U.K.’s prime minister tries to win over skeptics to his Brexit deal

Britain's Prime Minister Rishi Sunak
Britain Prime Minister Rishi Sunak holds a Q&A session with local business leaders during a visit to Coca-Cola HBC in Lisburn, Northern Ireland, on Tuesday.
(Liam McBurney / Associated Press)

U.K. Prime Minister Rishi Sunak traveled to Belfast on Tuesday to sell his landmark agreement with the European Union to its toughest audience: Unionist politicians who fear post-Brexit trade rules are weakening Northern Ireland’s place in the United Kingdom.

The U.K. and the 27-nation EU announced Monday that they had struck a deal to resolve a dispute over Northern Ireland trade that has vexed relations since the U.K. left the bloc in 2020. The agreement will ease customs checks and other hurdles for goods moving to Northern Ireland from the rest of the U.K. that were imposed after Brexit to maintain an open border between the north and its EU neighbor, the Republic of Ireland.

The deal, dubbed the “Windsor Framework,” was hailed by London and Brussels as a breakthrough. But Northern Ireland’s British unionist politicians have yet to give it their blessing. Their support is key to restoring Northern Ireland’s semi-autonomous government, which has been toppled by the trade feud, leaving 1.9 million people without a functioning administration.


Sunak told the BBC the deal was “a huge step forward for the people of Northern Ireland” and he was confident politicians there would support it.

The Democratic Unionist Party, which had governed alongside Irish nationalists Sinn Fein in the power-sharing administration, walked out of the government a year ago to protest the trade rules and has refused to return until they are scrapped or substantially rewritten. Under Northern Ireland’s political system, power is shared between Irish nationalists and British unionists, and neither side can govern without the other.

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DUP leader Jeffrey Donaldson said Tuesday that the party would “take our time” to pore over the details of the deal before delivering its verdict.

“We’re reasonable people, but we want to ensure that what the prime minister has said is matched by what is actually in the agreement itself,” he said.

Northern Ireland is the only part of the U.K. that shares a border with an EU member. When the U.K. left the bloc, the two sides agreed to keep the Irish border free of customs posts and other checks because an open border is a key pillar of Northern Ireland’s peace process.

Instead, there are checks on some goods entering Northern Ireland from the rest of the U.K. That angered British unionist politicians in Belfast, who say the new trade border in the Irish Sea undermined Northern Ireland’s place in the United Kingdom.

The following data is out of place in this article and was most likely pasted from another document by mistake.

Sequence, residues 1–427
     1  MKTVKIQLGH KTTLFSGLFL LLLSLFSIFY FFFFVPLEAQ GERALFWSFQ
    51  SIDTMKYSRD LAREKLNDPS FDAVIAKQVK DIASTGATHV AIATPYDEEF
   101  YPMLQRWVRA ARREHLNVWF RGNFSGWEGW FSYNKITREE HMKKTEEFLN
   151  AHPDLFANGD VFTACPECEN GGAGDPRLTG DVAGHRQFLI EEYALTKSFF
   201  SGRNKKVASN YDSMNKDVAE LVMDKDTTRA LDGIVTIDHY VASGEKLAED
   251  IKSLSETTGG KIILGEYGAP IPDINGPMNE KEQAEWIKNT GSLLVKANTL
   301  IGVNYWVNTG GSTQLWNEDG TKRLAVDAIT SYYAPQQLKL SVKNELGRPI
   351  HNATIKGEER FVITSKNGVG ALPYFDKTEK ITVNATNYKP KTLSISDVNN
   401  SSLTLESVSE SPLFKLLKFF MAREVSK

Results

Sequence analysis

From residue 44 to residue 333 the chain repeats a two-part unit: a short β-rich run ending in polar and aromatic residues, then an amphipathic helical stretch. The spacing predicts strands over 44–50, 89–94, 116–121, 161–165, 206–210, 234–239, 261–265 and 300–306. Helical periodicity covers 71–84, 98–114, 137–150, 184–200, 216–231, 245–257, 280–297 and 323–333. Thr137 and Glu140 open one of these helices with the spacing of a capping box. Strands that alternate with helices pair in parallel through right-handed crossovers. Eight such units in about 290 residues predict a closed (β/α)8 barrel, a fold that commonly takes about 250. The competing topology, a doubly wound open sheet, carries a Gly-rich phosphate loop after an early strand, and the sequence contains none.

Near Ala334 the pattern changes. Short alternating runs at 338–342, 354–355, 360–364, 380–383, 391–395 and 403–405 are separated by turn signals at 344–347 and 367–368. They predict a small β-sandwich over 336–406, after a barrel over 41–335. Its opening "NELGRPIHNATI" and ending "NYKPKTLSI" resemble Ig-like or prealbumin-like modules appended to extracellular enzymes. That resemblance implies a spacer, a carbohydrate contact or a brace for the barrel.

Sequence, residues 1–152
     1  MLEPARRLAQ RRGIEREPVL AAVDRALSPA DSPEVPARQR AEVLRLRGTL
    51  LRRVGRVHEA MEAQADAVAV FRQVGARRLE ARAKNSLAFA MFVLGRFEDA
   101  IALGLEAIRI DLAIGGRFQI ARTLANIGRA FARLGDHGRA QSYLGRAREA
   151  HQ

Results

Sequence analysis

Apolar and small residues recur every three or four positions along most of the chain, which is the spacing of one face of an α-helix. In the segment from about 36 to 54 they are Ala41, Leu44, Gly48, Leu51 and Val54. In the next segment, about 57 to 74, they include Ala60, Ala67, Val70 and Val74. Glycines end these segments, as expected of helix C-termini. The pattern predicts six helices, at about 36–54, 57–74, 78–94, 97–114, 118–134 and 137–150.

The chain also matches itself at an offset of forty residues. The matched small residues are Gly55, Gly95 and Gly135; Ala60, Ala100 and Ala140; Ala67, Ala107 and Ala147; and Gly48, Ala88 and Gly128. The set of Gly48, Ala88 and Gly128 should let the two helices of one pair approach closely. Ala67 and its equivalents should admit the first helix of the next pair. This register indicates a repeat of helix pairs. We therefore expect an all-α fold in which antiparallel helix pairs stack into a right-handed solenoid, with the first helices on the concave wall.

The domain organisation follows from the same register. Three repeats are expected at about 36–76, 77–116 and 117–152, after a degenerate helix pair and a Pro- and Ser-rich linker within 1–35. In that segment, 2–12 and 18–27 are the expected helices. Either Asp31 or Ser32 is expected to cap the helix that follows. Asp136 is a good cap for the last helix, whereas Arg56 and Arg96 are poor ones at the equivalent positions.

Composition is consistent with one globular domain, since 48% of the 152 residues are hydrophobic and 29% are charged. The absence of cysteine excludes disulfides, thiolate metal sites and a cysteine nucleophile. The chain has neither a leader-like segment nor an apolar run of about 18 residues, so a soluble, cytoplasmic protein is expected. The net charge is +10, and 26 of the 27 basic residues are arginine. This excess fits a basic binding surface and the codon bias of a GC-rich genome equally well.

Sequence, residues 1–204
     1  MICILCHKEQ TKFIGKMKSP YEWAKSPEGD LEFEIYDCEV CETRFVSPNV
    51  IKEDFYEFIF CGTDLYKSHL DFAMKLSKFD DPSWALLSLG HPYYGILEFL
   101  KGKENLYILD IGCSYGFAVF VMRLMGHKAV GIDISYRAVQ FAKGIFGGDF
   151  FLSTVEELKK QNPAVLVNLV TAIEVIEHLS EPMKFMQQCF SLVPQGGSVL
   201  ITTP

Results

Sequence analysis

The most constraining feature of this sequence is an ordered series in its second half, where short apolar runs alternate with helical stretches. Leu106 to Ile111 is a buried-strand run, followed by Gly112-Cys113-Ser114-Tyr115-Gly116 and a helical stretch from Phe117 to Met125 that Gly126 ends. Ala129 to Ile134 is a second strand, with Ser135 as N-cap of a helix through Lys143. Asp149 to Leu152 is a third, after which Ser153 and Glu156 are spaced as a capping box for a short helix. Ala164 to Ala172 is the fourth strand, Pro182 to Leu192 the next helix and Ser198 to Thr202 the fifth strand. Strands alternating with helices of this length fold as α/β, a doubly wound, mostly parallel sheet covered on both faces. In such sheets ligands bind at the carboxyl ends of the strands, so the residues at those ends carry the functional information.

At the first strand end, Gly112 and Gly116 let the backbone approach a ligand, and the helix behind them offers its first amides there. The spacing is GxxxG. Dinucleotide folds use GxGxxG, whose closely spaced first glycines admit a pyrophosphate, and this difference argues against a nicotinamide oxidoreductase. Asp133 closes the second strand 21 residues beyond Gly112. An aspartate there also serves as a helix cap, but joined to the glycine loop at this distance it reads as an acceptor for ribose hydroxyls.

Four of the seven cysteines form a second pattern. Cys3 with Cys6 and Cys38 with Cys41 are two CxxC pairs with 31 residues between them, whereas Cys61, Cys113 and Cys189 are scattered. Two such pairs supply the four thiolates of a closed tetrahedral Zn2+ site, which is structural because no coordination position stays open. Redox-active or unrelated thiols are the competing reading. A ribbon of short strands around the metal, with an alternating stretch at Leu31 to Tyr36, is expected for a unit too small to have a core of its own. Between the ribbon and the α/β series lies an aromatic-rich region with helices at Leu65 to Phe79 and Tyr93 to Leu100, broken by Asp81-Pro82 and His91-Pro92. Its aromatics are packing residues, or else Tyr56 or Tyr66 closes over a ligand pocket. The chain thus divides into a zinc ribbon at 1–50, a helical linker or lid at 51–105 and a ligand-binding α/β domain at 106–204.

Sunak said the new Windsor Framework “removes any sense of an Irish Sea border,” lifting checks on the vast majority of goods. It also gives Northern Ireland politicians a mechanism to challenge new EU trade rules that could apply in the region — a key unionist demand.

Speaking at a Coca-Cola factory near Belfast, Sunak said Northern Ireland was now “the world’s most exciting economic zone” — part of the U.K.’s internal market but also with access to the EU’s vast single market of 27 nations for trade in goods. Critics pointed out that all of the U.K. enjoyed single market access before Brexit, which Sunak supported.

The deal marks a turn for the better in relations between Britain and the EU, which have always been scratchy and grew acrimonious after Brexit. The mood between London and Brussels improved after the pragmatic Sunak took office in October, replacing more belligerent predecessors — Boris Johnson and Liz Truss.

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Sunak brought a change in tone, and injected new momentum into attempts to ease trade friction. U.K. and EU negotiators worked for weeks, sometimes late into the night in windowless rooms in Brussels, to move beyond entrenched positions that had ground to a stalemate.

The U.K. says the EU’s acceptance of the “Stormont Brake” emergency mechanism — which gives Northern Ireland politicians a way to challenge future EU goods rules — was a major breakthrough.

Business groups largely welcomed the deal, saying it would ease the burdens faced by companies and give Northern Ireland customers access to goods such as English sausages that were blocked under the original post-Brexit rules.


Some hard-line pro-Brexit politicians in Sunak’s governing Conservatives also were surprisingly positive about the deal. One key figure has yet to weigh in — Johnson, who negotiated the original Brexit divorce deal that Sunak has now rewritten.

Sunak addressed Conservative lawmakers on Tuesday evening after flying back from Belfast. He urged them to give the DUP “time and space” to study the accord and not to unleash more Tory infighting in front of a weary public.

The last thing voters want, he said, is “another Westminster drama.”